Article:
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Navigation capability is spreading to a wider array of consumer devices, the latest of which is the cellphone.
At press time, Nextel was to begin offering navigation services on its GPS-equipped i730 phone, becoming the first major carrier in the United States to support cellphone navigation.
A natural question then is: Will products as widely used as cellphones and PDAs cut into in-car navigation sales? The initial verdict from suppliers and analysts is "no."
"This is one of those instances where technologies will complement each other," said George Filley, VP and GM of the NAVTEQ consumer business unit for North America — a leading supplier of digital map data. "Yes, people can now take their cellphone and navigate, but they also want to take advantage of the best device available at any time," he said.
In-car navigation sales for fixed aftermarket devices are estimated at just under 40,000 annually. And sales of PDAs with built-in navigation or GPS add-on solutions number in the tens of thousands, according to industry estimates.
ABI Research, Oyster Bay, N.Y., estimates there will be approximately 50,000 cellphone owners using navigation in the U.S. by the end of the year.
How far the cellphone navigation market will progress from there is anyone's guess. As part of what is known as the E911 effort, all cellphones will soon offer location-based technology, which can translate into navigation services.
E911 was mandated by the federal government in 1996. It requires that the cellular carriers be able to locate any person using a cellphone to call 911. By the end of this year, all carriers are expected to use Automatic Location Identification to give the latitude and longitude coordinates of a cellphone. This is creating an infrastructure for navigating from a cellphone.
ABI's director of automotive research, Frank Viquez, said that cellphone navigation capability "might be offered on a pay-per-use level as they do in Japan. It's quite possible that everyone who has access to a cellphone will use [navigation] once or twice a year."
But cellphone navigation has proved unpopular in Europe, according to Garmin. "We've tried cellphones with navigation in the European market, and it's an uphill battle. The handset display is much smaller than a PDA display," said a spokesman.
Frost & Sullivan, Palo Alto, Calif., claimed that using a cellphone to navigate while driving a car is simply unsafe and virtually impossible. In-car navigation devices, said Veerender Kaul, program manager for the automotive group, are far more accurate.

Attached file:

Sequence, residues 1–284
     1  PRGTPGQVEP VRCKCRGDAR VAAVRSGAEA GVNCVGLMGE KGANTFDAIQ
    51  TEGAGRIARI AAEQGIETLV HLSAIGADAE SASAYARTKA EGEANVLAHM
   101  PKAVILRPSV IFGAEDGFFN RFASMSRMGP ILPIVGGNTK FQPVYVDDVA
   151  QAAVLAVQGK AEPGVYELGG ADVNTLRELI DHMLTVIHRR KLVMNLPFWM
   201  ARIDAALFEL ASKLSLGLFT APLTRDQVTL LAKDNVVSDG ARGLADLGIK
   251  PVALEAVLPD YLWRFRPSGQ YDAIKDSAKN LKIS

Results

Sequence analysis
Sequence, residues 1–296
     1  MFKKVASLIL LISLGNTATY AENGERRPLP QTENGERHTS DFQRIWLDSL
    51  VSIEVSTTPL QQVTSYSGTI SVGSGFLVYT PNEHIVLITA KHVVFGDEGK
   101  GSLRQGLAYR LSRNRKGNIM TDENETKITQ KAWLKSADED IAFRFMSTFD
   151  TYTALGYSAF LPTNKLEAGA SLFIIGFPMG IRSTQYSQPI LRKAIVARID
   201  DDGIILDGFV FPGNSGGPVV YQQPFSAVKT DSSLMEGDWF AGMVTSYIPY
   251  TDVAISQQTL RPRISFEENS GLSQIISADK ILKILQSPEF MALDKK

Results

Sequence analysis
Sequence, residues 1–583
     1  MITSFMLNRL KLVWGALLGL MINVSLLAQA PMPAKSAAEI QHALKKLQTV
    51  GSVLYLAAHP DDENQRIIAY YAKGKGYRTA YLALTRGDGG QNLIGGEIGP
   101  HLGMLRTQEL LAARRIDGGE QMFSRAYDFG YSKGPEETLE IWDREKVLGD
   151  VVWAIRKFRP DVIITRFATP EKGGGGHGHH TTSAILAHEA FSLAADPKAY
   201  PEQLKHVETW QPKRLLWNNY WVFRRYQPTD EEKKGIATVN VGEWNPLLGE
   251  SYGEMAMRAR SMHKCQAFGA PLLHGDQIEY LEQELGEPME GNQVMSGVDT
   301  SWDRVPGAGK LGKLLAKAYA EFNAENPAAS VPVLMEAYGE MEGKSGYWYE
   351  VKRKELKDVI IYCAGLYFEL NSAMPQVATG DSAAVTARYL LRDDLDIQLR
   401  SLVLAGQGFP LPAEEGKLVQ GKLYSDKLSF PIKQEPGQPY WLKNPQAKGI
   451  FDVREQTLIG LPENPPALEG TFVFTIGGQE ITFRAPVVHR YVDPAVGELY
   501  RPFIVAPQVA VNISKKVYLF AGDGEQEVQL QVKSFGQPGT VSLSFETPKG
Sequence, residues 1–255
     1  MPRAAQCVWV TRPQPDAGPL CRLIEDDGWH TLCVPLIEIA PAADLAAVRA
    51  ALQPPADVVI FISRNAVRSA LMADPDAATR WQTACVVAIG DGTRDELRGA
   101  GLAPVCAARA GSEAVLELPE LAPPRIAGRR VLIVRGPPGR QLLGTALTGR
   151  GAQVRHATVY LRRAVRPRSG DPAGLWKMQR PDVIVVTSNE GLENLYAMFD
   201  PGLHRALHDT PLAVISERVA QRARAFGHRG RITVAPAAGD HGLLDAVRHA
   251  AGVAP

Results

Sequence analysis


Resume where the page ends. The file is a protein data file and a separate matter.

Aftermarket in-car navigation suppliers say the increase in consumer awareness of navigation, whether through cellphones, OEM systems or even the use of MapQuest.com, will "lift all boats" and add to in-car device sales.
"I definitely think there will be different forms of competition — cellular, PDA, transportable or portable handheld types," said Fred Roetker, national sales manger for Prestige and navigation at Audiovox. "You'll have different customers with different needs. Also, some companies are trying to make one product serve more than one function. A PDA is a PDA. You can stick software in there for navigation, but then the level of function is limited compared to a product designed for one function only."
Although in-car navigation sales have not yet exceeded niche status, Roetker said Audiovox is looking at the big picture. "There's potential for navigation in every vehicle," he said, claiming that the potential is greater than that of mobile video.
"A 35-year-old with no kids has no need for mobile video," he said noting that once traffic services improve, most everyone will be able to benefit from in-car navigation.
Aftermarket navigation sales are expected to continue to grow by 43 percent this year, to 56,000 units, which is still a very small base, according to the Consumer Electronics Association.
OEM navigation is growing more rapidly if you consider the broader base. Currently about 100 car models, mostly high-end, in North America offer the option of a navigation system. About 20 of those models offer it as standard equipment, mainly through BMW, Mercedes and Lexus. In 2002, 62 car models offered a navigation option, and in 2001, 45 models. "So it's growing at a rate of about 25 to 30 percent every year in model availability," said ABI's Viquez
Nextel's i730 cellular phone embeds Televigation's TeleNav service for auto location. Users can input a destination address via voice to receive turn-by-turn directions and dynamic rerouting if the user goes off course. Users receive a 10-second advanced warning of an upcoming turn. Directions are provided by voice, map displays and arrows on the cellphone screen. The service fee runs $5.99 per month.
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